She looked more closely at the notepad on the desk. David was a nervous doodler when he was on the phone. The top sheet of the pad was clean, but with some indentation marks. She couldn’t make out any words. But lying on top of the garbage in the leather trash container beside the desk was a wadded-up piece of the same paper.

There was no hesitation. Carey felt no twinge of guilt. She reached into the trash and retrieved the note, handling it with the same detachment she would have used as a prosecutor examining evidence.

Most of the scribbling on the page was of dark geometric shapes, boxes, rectangles, quadrangles. In the center of the page was a monetary amount, twenty-five thousand dollars, with three harsh lines drawn beneath it for emphasis.

Maybe he had found a backer for his project after all.

But if the note was related to the half conversation she believed she had heard, the call had come or been placed in the middle of the night. No business deals happened at three in the morning, unless David had suddenly tapped into investors in China.

Late-night conversations in hushed voices were between lovers, or associates whose business couldn’t be conducted in the light of day.

Twenty-five thousand dollars was a lot of money. Twenty-five thousand dollars in the middle of the night was a payoff, a bribe, blackmail…

Carey folded the note and tucked it into the pocket of her sweater, and wondered what the hell her husband had gotten into.

She stared at the telephone, considering the step she was about to take. She was about to open a door and walk through it onto a path that would very probably take her to the end of her marriage. But she had already conceded her marriage was over. There was no point in feeling nervous or hesitant or in dreading what she was going to find.

Without allowing herself to feel anything-no guilt, no sadness, no anger-she picked up the handset and keyed the scroll button to the last call received. The mystery number. The caller who had asked for Marlene. The same caller who had whispered over her cell phone: I’m coming to get you, bitch.

If David had been on this phone, the call had been outgoing.

She touched the redial button, waited as the phone on the other end rang unanswered, then picked up and played a recording of the operating hours of Domino’s Pizza.

Twenty-five thousand dollars was a lot of pizza.

David hadn’t used this phone for any late-night clandestine call. If there had been any such call, it had to have been made or received on his cell phone.

Carey opened the upper left-hand desk drawer. The drawer was a catchall for things they used day-to-day-extra check blanks, stamps, address labels, things they both used. It was where they kept tickets to events, and paper clips, and bills to be paid. No one using that drawer had an expectation of privacy.

She walked her fingers through the different divided sections of the drawer. Tickets to an ice show. Carey smiled just enough to pull at the stitches in her lip. Lucy’s current passion was figure skating. She was looking forward to taking her daughter out.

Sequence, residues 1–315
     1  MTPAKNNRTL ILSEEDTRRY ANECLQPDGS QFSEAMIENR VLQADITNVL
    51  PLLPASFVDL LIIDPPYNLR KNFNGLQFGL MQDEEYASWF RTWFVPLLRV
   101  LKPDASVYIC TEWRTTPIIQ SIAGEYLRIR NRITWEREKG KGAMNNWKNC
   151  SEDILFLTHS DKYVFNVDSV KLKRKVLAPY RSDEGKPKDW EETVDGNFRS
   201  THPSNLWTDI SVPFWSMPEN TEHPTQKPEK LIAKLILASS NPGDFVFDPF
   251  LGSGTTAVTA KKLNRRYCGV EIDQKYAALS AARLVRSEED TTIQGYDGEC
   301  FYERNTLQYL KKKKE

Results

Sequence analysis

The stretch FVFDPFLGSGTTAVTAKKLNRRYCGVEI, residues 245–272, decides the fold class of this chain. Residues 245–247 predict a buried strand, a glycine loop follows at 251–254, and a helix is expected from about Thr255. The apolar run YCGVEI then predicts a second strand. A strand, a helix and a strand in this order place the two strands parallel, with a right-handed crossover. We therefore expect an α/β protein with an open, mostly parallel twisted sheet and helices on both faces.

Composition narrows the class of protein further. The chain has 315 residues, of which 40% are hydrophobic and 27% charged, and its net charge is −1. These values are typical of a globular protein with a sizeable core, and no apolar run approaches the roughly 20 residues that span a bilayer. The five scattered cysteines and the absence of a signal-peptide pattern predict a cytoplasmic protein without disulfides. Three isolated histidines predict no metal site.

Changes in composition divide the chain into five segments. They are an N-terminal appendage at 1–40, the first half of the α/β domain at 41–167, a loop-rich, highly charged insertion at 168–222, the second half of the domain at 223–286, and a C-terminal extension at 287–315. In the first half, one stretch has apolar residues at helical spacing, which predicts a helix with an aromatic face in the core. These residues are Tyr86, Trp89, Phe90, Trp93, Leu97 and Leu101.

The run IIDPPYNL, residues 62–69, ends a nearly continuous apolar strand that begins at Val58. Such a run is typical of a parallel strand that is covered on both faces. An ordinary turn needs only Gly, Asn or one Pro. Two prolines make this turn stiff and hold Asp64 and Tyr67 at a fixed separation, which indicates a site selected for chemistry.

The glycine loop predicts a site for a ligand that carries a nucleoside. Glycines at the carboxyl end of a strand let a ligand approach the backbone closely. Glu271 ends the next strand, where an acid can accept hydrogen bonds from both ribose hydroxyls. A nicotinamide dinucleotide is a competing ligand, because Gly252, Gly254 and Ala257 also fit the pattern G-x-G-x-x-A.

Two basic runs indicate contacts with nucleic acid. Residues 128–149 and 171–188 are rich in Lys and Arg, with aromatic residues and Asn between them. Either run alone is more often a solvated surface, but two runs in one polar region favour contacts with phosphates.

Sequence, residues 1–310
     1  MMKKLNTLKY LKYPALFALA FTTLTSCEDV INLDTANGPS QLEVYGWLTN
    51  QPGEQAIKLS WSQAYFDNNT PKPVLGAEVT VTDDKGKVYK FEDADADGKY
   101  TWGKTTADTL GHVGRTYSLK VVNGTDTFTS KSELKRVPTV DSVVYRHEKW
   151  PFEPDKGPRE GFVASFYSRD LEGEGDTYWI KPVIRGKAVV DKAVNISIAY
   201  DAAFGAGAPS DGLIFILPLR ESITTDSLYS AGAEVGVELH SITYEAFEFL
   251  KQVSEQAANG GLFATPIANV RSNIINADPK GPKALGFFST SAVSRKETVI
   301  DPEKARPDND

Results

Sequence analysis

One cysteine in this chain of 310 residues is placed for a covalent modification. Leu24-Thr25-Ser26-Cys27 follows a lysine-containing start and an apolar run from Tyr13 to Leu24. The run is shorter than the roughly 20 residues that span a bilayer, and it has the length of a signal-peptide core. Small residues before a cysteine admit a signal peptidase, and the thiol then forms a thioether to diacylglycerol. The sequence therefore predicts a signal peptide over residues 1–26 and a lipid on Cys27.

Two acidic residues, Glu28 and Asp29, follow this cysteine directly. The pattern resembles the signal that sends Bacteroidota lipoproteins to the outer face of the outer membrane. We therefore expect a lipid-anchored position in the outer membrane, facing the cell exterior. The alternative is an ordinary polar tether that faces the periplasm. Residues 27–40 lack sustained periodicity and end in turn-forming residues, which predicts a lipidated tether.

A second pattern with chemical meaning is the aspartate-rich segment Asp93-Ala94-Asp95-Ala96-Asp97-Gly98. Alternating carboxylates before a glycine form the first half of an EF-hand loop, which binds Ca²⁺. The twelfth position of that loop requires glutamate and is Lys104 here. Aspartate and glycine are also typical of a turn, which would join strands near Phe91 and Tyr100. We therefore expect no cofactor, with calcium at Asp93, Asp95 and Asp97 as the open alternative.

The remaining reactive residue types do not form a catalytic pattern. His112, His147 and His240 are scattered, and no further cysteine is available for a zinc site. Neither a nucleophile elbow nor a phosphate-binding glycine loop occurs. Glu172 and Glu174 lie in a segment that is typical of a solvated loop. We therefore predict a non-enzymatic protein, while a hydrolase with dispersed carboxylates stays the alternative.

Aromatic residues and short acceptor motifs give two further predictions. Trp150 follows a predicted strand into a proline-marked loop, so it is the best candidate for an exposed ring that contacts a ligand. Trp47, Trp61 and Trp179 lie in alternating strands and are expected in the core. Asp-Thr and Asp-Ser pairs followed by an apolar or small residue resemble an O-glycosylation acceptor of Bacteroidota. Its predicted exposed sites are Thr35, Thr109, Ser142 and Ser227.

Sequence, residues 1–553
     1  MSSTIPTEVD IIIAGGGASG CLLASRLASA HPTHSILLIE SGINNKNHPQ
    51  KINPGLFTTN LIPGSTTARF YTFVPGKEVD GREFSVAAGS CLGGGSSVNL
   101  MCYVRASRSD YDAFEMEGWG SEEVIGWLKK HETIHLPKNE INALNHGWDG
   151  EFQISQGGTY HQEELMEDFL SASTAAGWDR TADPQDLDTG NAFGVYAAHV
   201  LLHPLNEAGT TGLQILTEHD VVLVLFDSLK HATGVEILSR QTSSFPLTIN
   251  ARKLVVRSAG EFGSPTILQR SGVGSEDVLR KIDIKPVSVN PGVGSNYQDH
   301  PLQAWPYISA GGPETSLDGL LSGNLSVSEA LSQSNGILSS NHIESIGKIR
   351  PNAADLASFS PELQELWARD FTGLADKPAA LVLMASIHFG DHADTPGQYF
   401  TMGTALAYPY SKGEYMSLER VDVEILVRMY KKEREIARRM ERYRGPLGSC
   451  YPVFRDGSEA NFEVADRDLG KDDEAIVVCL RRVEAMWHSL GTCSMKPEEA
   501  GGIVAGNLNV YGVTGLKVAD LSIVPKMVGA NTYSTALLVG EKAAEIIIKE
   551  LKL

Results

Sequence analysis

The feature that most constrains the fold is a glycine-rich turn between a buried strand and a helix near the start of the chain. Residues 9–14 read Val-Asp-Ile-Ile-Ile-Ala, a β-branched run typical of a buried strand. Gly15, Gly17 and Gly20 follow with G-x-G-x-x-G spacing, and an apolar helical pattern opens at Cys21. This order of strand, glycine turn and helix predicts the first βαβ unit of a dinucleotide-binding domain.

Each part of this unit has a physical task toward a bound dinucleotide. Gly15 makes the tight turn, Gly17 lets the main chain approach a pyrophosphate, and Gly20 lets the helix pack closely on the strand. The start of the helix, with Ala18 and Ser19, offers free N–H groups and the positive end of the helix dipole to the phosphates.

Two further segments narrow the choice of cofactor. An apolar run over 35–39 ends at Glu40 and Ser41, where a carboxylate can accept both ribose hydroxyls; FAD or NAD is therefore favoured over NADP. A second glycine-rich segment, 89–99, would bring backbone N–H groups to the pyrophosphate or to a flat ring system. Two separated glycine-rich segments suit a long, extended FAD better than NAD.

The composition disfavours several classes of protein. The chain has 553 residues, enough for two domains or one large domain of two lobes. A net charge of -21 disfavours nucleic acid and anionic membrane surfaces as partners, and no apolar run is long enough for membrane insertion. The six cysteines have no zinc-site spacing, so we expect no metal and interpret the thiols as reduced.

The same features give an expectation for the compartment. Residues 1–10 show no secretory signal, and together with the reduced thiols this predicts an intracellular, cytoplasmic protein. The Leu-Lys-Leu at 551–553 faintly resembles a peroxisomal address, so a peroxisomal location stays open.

Had been looking forward to… The show was just two days away. It was doubtful either the bruises from the beating or the public resentment for her position on Karl Dahl’s prior bad acts would have faded by then.

The smile slipped away. She didn’t want to put Lucy in a position where she might be frightened or upset because of the way strangers felt about her mother. That wasn’t fair to her child. Carey would end up giving her ticket to Anka, and the Moore family outing would be comprised of daughter, daddy, and nanny.

Pushing the disappointment aside, Carey continued her search, methodically moving toward the back of the drawer, looking for David’s cell phone bill. She checked the amounts due on all the other bills in the drawer, looking for one in the amount of twenty-five thousand dollars. There wasn’t one.

There was, however, a note written in David’s hand with a list of phone numbers and corresponding names. Elite, First Class, Dream Girls.

Carey picked up the phone and dialed the last number, getting a sexy voice mail message.

“Dream Girls Escorts make your dreams come true. Leave a message at the tone, and we’ll fulfill your fantasies as soon as we can.”

Nausea churned in Carey’s stomach. Her husband was using the services of prostitutes, apparently on a regular basis. The fact that she shared a bed with him made her want to go and take a shower. The fact that she had no idea how long this had been going on or whether or not he had put her at risk made her angry. Their sex life had dwindled to nothing months before, but for all Carey knew David had established this habit long ago. Months. Years, even.

This is unbelievable, she thought. This had been going on right under her nose, and she hadn’t seen it. She hadn’t looked for it. The truth was, lately she hadn’t cared what David was up to. She hadn’t wanted the distraction of caring. And he had to have known it. Why else would he have felt so comfortable that he would leave this list in a desk drawer where she might have come across it on any given day?

Or maybe he had wanted her to find the list, either to get her attention, to hurt her, or to push her into taking an action he didn’t have the guts to take.

Carey made a copy of the list and added it to her growing pile of evidence.